University of Oviedo's researchers have contributed to figure out the orangutan's genome
January 26, 2011
The results, published on Nature's cover, has provided new clues to understand the evolution of hominids.Researchers from the University of Oviedo's Oncology Institute, who belong to a team led by Carlos López- Otín and scientists from the Evolutionary Biology Institute (UPF-CSIC) of Barcelona, have helped to decipher the orangutan's genome, the furthest hominid from men with whom he shared a common ancestor 12 million years ago. This study is a collaborative effort of more than 30 laboratories from 7 different countries, coordinated by Devin Locke of Washington University (USA).
The Spanish contribution to the work, which appears on Nature's cover, has been coordinated by Arcadi Navarro, professor of Genetics in Pompeu-Fabra University and ICREA Research teacher of the Evolutionary Biology Institute (UPF-CSIC); Tomás Marqués- Bonet, team leader of the Primate Genomics team which belong to the same Institute and Carlos López- Otín, professor of Biochemistry and Molecular Biology in the University of Oviedo.
The discovery of more than three thousand millions of base pairs which constitute the orangutan's genome has to be added to the human genome and the chimpanzee genome, previously discovered. This will let us obtain a detailed view of the evolutionary process which gave birth to human beings. The comparison among these genomes, with more than 97% of similarities between humans and orangutans, has shown the very different evolutionary pressures which the antecessors of these three species had to face as well as the remarkable differences among the orangutan's chromosomes and the rest of hominids. Likewise, the comparison between the two existing orangutan's species (Borneo and Sumatra) has revealed that both of them have undergone significant population changes. So, it has been determined that Sumatra's orangutans had a great population extension while Borneo's orangutans suffered a decline during the last 400.000 years. Nevertheless, the current population of Sumatra's orangutans is fewer than in Borneo, due to two main factors derived from human intervention. The understanding of their genetic differences could help to preserve both species which are seriously endangered.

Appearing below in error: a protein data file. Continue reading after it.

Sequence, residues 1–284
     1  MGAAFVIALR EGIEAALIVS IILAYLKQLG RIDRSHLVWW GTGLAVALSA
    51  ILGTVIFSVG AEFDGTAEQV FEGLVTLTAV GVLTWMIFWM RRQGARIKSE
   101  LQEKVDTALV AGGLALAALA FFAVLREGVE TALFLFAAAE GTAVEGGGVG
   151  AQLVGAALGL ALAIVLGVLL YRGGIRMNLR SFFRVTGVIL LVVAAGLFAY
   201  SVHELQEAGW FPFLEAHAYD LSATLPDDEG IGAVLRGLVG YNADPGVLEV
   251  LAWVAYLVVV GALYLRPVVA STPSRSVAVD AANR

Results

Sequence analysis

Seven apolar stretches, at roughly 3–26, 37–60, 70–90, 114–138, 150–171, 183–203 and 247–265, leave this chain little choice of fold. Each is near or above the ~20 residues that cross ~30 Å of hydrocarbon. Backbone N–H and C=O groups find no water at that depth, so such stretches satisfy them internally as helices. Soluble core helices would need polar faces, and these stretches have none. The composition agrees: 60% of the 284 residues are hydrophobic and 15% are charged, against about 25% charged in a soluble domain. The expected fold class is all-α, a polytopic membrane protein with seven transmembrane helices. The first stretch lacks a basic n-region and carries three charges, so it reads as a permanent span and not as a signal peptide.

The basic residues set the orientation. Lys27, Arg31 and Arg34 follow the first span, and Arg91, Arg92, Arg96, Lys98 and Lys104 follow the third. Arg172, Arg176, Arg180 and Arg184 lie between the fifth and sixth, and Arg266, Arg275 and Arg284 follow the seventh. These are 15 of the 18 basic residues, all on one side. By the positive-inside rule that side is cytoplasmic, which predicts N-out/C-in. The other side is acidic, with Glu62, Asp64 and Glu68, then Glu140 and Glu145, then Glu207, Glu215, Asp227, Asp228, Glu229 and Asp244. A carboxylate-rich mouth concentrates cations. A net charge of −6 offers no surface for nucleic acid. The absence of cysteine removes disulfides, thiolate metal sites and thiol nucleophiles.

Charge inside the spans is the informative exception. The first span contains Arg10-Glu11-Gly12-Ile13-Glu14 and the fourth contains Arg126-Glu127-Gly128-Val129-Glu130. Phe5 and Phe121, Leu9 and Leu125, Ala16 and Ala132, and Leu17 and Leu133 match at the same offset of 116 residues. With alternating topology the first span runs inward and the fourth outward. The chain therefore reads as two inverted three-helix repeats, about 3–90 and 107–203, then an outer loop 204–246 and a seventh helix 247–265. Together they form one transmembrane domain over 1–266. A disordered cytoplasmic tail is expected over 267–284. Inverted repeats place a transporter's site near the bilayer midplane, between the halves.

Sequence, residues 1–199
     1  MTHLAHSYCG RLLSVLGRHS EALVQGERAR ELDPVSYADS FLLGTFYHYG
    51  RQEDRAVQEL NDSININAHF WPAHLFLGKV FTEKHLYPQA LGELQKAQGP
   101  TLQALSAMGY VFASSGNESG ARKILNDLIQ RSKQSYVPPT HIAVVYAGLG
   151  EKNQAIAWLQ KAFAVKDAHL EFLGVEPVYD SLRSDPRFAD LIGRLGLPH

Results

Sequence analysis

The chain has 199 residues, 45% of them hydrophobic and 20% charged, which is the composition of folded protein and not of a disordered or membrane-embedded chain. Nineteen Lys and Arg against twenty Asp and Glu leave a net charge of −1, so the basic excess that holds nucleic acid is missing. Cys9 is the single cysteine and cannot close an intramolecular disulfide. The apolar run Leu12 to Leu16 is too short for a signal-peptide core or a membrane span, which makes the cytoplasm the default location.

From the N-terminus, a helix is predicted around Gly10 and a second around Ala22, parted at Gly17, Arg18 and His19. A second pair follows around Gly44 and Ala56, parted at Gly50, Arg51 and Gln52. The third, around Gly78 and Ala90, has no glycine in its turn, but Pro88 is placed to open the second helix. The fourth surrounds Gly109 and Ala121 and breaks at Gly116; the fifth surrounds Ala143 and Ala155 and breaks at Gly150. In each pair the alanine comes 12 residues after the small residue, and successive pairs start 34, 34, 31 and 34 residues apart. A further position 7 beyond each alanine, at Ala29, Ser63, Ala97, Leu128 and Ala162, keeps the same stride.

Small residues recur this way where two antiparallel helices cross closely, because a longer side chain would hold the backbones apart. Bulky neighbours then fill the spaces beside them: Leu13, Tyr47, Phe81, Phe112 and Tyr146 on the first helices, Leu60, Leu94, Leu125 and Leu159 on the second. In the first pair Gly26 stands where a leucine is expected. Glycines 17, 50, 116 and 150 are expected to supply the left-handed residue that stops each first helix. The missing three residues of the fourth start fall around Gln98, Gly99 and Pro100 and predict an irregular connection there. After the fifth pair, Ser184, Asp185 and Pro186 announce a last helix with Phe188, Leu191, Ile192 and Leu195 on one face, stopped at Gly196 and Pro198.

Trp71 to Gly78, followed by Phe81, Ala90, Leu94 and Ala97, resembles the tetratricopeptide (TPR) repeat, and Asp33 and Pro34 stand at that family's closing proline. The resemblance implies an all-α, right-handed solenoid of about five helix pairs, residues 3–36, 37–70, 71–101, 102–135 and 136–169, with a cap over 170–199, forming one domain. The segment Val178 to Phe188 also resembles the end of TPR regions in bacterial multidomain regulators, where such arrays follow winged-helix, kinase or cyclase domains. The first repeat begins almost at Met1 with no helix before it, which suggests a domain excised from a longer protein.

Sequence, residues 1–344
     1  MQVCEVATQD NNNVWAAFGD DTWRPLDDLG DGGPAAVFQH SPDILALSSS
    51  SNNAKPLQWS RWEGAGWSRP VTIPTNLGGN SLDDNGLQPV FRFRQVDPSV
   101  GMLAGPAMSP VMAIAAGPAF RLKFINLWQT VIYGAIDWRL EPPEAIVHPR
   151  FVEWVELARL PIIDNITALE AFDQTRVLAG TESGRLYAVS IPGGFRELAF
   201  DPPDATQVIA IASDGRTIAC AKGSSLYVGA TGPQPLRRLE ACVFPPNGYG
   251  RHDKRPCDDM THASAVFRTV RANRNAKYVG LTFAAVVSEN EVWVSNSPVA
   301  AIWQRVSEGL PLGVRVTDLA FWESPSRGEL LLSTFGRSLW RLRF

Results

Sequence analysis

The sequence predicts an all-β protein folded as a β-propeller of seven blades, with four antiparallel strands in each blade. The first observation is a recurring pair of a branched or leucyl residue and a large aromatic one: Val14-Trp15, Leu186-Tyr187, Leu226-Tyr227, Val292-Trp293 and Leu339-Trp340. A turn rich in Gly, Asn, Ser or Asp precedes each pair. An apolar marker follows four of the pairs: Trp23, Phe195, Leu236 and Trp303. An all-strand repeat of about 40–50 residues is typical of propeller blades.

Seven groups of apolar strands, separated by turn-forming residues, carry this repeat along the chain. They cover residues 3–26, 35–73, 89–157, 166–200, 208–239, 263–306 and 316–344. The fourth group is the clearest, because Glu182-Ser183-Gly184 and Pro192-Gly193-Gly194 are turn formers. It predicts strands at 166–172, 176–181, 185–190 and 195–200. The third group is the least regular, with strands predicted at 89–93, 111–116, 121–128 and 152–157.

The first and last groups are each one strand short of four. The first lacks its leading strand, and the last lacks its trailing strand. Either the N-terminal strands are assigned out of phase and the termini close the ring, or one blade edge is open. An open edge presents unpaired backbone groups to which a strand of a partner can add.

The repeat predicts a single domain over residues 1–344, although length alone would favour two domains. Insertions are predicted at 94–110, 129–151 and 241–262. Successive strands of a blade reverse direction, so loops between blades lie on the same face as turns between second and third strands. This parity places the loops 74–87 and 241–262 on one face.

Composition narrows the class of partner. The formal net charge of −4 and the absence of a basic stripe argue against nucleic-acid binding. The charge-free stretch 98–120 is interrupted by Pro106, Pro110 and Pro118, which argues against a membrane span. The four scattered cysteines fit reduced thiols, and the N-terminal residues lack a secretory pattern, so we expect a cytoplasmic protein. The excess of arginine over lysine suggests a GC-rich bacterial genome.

Carlos López-Otín has declared: "The detailed comparative study of the multiple families of genes in human, chimpanzee and orangutan's genomes has proved that there has been an important evolutionary pressure over the immune and reproductive systems". Likewise, Arcadi Navarro has pointed out that "the studies about orangutan's genomic organization will let us obtain valuable information about the mechanisms of chromosomal rearrangements that occur in diseases such as cancer".
The Spanish participation in this project stems from the work of these researchers: On the one hand, Tomás Marqués- Bonet from Washington University in Seattle and IBE (UPF-CSIC), Rui Faria, Olga Fernando, Fleur Darré, Domènec Farré, Elodie Gazave, Meritxell Oliva and Arcadi Navarro, from the same Institute and, on the other hand, Víctor Quesada, Xose S.Puente, Gonzalo R. Ordóñez and Carlos López- Otín, from the University of Oviedo. Dr. Navarro's group has compared the orangutan's chromosomal organization with the rest of hominids, which has allowed to reconstruct several important events, which will help us to distinguish the different species of hominids. Dr. Marqués-Bonet has led the duplications' analysis and the structural rearrangements in comparison with other hominids. In addition, the group of Dr. López- Otín has studied the different families of genes, which are usually associated with diseases, proving significant differences between human beings and orangutans.